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There are many ways to learn, and parents and teachers have used various methods to make learning more accessible. Visual support is an effective method for assisting children’s learning. Visual aids are instructional media used during teaching and learning to assist the teacher in explaining and to help students comprehend more easily.

5 Tips For Using Visual Supports To Aid Your Kid’s Learning

Visual support aids in stimulating, motivating, drawing learners’ attention, and making concepts easier to grasp. This article will provide five suggestions for using visual aids to help your child learn.

1. Use Pictures

When children are learning at home, school, or church, pictures can provide visual support. Images aid learners in quickly grasping concepts. These can also be used to motivate or draw the attention of students. Visualizing an object rather than being told about it through explanation helps to understand it better. The images must be large and colorful. They can be printed on paper or displayed on an interactive board. For Sunday school learning materials, teachers can make use of these when lecturing.

For example, when discussing animals, the teacher will use pictures rather than bringing real animals into the classroom. Learners will have a general idea of how certain animals look and will associate them with real animals in the future.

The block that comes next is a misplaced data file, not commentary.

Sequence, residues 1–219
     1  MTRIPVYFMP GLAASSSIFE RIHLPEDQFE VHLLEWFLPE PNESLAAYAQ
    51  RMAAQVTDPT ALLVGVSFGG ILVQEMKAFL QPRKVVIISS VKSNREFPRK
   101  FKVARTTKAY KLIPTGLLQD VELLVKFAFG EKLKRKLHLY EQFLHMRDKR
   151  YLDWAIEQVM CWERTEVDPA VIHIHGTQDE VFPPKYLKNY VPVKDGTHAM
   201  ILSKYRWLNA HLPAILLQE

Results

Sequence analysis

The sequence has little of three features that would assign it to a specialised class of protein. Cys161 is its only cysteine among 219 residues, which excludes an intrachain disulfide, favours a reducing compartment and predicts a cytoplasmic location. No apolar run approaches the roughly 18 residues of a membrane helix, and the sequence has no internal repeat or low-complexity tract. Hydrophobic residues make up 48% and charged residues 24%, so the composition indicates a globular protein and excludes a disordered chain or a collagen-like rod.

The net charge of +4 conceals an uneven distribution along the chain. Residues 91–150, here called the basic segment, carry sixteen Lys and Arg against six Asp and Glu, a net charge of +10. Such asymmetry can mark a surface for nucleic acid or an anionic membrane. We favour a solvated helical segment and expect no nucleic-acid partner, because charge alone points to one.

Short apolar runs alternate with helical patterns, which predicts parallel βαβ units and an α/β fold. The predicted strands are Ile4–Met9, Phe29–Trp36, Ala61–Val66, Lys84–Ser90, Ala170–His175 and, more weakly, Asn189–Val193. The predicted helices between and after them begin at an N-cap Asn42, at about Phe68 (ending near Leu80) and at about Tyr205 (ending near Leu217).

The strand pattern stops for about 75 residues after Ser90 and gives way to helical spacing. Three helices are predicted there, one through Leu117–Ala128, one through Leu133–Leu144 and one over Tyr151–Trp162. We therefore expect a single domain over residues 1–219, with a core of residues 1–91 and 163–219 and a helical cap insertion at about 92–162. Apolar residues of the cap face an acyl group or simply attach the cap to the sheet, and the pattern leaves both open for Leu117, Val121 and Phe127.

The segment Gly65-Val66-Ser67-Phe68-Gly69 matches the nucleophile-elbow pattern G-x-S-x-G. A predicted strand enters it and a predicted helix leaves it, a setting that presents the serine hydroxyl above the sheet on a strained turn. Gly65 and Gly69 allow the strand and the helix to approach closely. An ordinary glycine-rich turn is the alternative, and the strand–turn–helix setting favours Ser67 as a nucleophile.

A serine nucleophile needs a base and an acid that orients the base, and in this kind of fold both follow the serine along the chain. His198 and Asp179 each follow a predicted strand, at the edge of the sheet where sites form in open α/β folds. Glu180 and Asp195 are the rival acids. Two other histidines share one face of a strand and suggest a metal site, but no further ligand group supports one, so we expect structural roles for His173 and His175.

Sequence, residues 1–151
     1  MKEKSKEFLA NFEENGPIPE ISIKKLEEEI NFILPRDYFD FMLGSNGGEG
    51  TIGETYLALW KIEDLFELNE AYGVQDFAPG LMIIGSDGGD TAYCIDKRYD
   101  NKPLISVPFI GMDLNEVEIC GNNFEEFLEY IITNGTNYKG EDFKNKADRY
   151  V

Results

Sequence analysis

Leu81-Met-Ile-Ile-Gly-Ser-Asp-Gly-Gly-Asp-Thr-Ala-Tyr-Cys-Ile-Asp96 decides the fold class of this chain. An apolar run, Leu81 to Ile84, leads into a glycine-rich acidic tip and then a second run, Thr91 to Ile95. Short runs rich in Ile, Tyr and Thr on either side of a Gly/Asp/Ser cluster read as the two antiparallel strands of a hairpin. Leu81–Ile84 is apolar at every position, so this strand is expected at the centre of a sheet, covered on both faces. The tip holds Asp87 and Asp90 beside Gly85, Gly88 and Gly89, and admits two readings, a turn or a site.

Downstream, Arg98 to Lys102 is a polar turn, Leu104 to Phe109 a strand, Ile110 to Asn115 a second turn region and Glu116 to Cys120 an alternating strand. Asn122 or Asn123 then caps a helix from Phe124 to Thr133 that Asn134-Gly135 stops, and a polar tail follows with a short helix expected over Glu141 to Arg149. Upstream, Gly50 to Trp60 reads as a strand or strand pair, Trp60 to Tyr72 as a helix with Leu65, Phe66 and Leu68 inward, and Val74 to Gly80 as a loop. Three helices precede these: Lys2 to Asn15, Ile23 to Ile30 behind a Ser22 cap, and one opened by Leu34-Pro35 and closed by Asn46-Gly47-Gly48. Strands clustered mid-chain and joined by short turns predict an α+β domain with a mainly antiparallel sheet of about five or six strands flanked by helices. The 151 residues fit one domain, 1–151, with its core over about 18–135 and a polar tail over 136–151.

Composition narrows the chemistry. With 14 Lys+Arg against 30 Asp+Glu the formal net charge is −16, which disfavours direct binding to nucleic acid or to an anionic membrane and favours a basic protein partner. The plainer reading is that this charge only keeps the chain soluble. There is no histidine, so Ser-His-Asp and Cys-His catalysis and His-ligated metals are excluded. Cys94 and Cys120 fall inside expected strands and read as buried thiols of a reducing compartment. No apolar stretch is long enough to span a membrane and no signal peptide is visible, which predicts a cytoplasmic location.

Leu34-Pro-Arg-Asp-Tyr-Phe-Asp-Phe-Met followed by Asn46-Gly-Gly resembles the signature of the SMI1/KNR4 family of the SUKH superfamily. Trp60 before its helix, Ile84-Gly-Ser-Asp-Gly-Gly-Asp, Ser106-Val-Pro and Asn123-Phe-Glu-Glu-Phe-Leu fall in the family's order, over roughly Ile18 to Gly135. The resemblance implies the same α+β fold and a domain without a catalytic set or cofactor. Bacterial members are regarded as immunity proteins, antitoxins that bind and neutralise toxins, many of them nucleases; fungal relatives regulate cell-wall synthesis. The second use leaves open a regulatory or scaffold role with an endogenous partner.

For those who are unable to read, pictures can be used to represent information. For example, on toilets for boys, you can place a picture of a boy. Whereas on toilets for girls, you can use a picture of a girl.

2. Use Models

Models can represent real objects when learning, and they’re an excellent visual aid in assisting children’s learning. When teaching a concept, a teacher can use models instead of real objects. The models must be of adequate size and take child safety into account. The models must support what you want to teach while also taking into account your objectives and the number and age of your learners who’d play with the models.

Models, like pictures, aid in bringing the outside world into the classroom. Instead of bringing a real boat, you could bring a toy boat with the same features. It’ll be highly beneficial to bring an electrical toy to demonstrate to the children how it moves in water using a dish or school pool. Allow the children to use it as well.

Teachers can use puppets to perform a small play at Sunday school, so students will learn whatever concepts you’re teaching in a fun and stimulating way.

3. Use Symbols 


Symbols can be used to represent a wide range of concepts. A symbol can be used in place of words or something else, and it’s a visual aid that guides children’s learning. They’re used to supplement the teaching of concepts, and children can use them to demonstrate their understanding.

In classroom routines, the teacher can use symbols to explain. Instead of writing words, you can write a timetable in symbols such as playtime, represented by a drawing of children playing, or break time, which a child eating can represent. Instead of writing ‘no running,’ a drawing of a child running with a large cross can be used.